Pa­ter­nity leave cre­ates su­per­dads

CityPress - - Voices - Grethe Koen

in their lives – dad had a lot of say in the de­ci­sion mak­ing, but the nur­tur­ing, emo­tional con­nec­tion and care­giv­ing was from mum.

Per­haps that’s why peo­ple will say ridicu­lous things like “Dad is baby-sit­ting the kids tonight” – as if the fa­ther is not re­ally a par­ent, just an out­side en­tity step­ping in to help for the night. Oth­ers will re­fer to a dad who changes nap­pies or feeds the kids as “a very hands-on fa­ther” or some­one who “re­ally takes care of his kids”. Re­ally? A fa­ther do­ing what he’s sup­posed to is con­sid­ered ex­tra­or­di­nary?

It seems that dads are at a disad­van­tage from the start. It’s as if so­ci­ety dic­tates that their gen­der ren­ders them in­ca­pable of giv­ing the same amount of care to a child as a woman would. And sure, par­ent­hood might come more nat­u­rally to some women (that might have to do with the fact that she has car­ried the child in her belly for nine months), but re­serv­ing some tasks for mum (the re­ally hard stuff ) and oth­ers for dad (the play­ing) means men will al­ways be the in­ter­lop­ers.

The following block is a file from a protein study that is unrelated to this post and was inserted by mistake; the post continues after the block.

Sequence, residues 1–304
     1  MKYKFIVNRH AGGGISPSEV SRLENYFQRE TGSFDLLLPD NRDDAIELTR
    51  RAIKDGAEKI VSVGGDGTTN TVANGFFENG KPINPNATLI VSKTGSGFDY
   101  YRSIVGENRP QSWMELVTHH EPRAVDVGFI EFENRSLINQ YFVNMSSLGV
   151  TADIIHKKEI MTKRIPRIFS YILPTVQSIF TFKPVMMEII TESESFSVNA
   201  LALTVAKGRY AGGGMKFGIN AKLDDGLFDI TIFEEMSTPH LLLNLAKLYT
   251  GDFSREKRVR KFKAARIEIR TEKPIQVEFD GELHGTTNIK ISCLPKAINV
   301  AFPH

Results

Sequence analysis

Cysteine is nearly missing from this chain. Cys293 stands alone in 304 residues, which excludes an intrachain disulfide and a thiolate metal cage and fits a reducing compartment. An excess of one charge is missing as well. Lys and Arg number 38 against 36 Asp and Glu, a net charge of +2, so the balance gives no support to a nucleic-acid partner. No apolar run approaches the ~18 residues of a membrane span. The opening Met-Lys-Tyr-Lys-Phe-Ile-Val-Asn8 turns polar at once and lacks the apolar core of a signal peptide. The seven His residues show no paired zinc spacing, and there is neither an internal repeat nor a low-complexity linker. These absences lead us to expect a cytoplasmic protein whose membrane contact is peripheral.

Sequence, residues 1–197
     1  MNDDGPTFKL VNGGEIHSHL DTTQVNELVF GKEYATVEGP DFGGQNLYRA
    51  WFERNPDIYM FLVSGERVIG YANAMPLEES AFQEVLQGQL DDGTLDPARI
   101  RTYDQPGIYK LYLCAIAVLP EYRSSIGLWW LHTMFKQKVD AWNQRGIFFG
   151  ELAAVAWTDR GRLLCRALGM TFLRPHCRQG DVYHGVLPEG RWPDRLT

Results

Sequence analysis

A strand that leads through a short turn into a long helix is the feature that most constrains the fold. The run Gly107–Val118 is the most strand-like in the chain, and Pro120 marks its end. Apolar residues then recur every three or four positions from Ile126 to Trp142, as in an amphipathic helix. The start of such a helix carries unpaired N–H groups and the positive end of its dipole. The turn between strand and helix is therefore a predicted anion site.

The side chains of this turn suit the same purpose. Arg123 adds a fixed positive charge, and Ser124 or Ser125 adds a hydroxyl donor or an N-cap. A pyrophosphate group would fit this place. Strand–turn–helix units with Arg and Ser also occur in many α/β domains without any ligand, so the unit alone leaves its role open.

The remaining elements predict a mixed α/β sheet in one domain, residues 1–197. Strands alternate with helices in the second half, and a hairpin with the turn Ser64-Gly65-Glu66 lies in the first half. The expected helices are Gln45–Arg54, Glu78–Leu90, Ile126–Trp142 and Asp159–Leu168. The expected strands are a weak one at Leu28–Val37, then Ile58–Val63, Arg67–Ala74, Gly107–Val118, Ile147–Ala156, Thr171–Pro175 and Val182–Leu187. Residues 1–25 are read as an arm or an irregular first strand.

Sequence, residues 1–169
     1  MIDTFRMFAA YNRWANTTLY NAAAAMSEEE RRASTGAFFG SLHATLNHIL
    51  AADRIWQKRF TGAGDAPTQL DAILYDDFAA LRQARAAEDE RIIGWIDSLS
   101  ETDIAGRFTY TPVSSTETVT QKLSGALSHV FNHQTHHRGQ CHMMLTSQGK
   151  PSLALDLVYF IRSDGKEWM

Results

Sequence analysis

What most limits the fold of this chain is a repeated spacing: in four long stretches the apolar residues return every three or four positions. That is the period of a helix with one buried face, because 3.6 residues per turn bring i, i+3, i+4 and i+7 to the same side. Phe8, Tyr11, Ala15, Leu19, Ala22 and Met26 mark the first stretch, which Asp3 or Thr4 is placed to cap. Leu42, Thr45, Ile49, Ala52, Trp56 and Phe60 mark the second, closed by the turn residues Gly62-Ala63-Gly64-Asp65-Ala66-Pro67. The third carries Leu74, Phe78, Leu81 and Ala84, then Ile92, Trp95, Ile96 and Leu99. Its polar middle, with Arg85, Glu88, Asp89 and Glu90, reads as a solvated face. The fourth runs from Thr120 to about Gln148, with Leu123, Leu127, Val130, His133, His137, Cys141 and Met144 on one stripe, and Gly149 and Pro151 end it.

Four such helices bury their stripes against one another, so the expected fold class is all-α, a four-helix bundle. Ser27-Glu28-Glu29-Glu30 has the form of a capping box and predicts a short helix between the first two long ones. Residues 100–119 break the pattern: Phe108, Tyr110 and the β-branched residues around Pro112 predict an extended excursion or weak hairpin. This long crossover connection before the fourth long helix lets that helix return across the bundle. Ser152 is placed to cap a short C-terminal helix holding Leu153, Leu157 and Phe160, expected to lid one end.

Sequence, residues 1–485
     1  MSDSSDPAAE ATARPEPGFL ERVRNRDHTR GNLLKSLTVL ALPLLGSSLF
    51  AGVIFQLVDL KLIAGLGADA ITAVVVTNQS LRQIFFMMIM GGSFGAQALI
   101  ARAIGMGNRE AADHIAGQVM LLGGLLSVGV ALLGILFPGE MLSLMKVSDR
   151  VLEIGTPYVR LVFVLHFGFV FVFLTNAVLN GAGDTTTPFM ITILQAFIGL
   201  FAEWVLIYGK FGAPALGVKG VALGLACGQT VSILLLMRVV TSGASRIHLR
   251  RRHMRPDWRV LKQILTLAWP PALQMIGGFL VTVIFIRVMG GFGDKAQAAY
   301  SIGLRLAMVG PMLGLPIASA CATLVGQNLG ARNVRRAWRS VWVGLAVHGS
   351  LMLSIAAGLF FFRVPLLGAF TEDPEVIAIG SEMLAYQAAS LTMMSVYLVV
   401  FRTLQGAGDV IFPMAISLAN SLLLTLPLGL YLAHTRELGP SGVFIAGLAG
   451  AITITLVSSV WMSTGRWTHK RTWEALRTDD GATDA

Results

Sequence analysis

In fact, at times there seems to be a car­di­nal dif­fer­ence be­tween how men and women view hav­ing chil­dren. Women want a child to nur­ture, to rear, to call their own. Men want a child to prop­a­gate their seed, to carry for­ward their legacy. Could com­pul­sory pa­ter­nity leave for fathers force them to be more emo­tion­ally con­nected to their chil­dren? And could it cre­ate a play­ing field where par­ent­ing is more equal? Imag­ine a so­ci­ety where we don’t just speak about moth­ers “hav­ing it all” – but have cre­ated a tan­gi­ble sys­tem that sup­ports them to be moth­ers as well as ca­reer women.

For years we have been call­ing for mums to get more ma­ter­nity leave, when the so­lu­tion might just be to give fathers more pa­ter­nity leave.

Ac­cord­ing to The Economist, a study of four rich coun­tries – Amer­ica, Aus­tralia, Bri­tain and Den­mark – found that fathers who had taken pa­ter­nity leave were more likely to feed, dress, bathe and play with their child long af­ter the pe­riod of leave had ended. In Bri­tain, dads who took time off at birth were al­most a third more likely to read books with their tod­dlers than those who had not.

Fathers who do more give moth­ers a chance to spread their wings. It gives kids the sense of se­cu­rity and nur­tur­ing they might have never known – and it cre­ates men who un­der­stand par­ent­ing. While the idea of South Africa match­ing wel­fare states like Swe­den in pa­ter­nity leave is very far off, it’s a pow­er­ful con­cept that makes us look at the very na­ture of fa­ther­hood. Are we giv­ing our dads the time, or even the chance, to truly be the dads the Fa­ther’s Day cards talk about?

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